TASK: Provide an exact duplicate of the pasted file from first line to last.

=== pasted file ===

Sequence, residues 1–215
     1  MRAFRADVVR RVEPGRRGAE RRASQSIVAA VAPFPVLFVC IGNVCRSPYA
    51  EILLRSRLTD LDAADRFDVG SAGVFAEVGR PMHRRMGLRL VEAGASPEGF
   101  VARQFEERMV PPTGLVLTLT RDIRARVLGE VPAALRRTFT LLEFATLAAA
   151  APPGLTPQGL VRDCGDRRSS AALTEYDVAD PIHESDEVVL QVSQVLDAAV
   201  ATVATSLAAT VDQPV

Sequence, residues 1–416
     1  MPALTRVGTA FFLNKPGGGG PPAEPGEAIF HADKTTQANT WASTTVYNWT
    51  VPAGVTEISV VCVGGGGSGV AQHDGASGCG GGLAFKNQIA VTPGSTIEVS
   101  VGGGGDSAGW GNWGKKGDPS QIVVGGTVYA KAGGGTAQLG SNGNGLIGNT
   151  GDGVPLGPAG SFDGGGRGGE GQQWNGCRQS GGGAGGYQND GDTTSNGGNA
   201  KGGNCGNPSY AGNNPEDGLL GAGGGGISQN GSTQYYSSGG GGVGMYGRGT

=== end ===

Sequence, residues 1–215
     1  MRAFRADVVR RVEPGRRGAE RRASQSIVAA VAPFPVLFVC IGNVCRSPYA
    51  EILLRSRLTD LDAADRFDVG SAGVFAEVGR PMHRRMGLRL VEAGASPEGF
   101  VARQFEERMV PPTGLVLTLT RDIRARVLGE VPAALRRTFT LLEFATLAAA
   151  APPGLTPQGL VRDCGDRRSS AALTEYDVAD PIHESDEVVL QVSQVLDAAV
   201  ATVATSLAAT VDQPV

Sequence, residues 1–416
     1  MPALTRVGTA FFLNKPGGGG PPAEPGEAIF HADKTTQANT WASTTVYNWT
    51  VPAGVTEISV VCVGGGGSGV AQHDGASGCG GGLAFKNQIA VTPGSTIEVS
   101  VGGGGDSAGW GNWGKKGDPS QIVVGGTVYA KAGGGTAQLG SNGNGLIGNT
   151  GDGVPLGPAG SFDGGGRGGE GQQWNGCRQS GGGAGGYQND GDTTSNGGNA
   201  KGGNCGNPSY AGNNPEDGLL GAGGGGISQN GSTQYYSSGG GGVGMYGRGT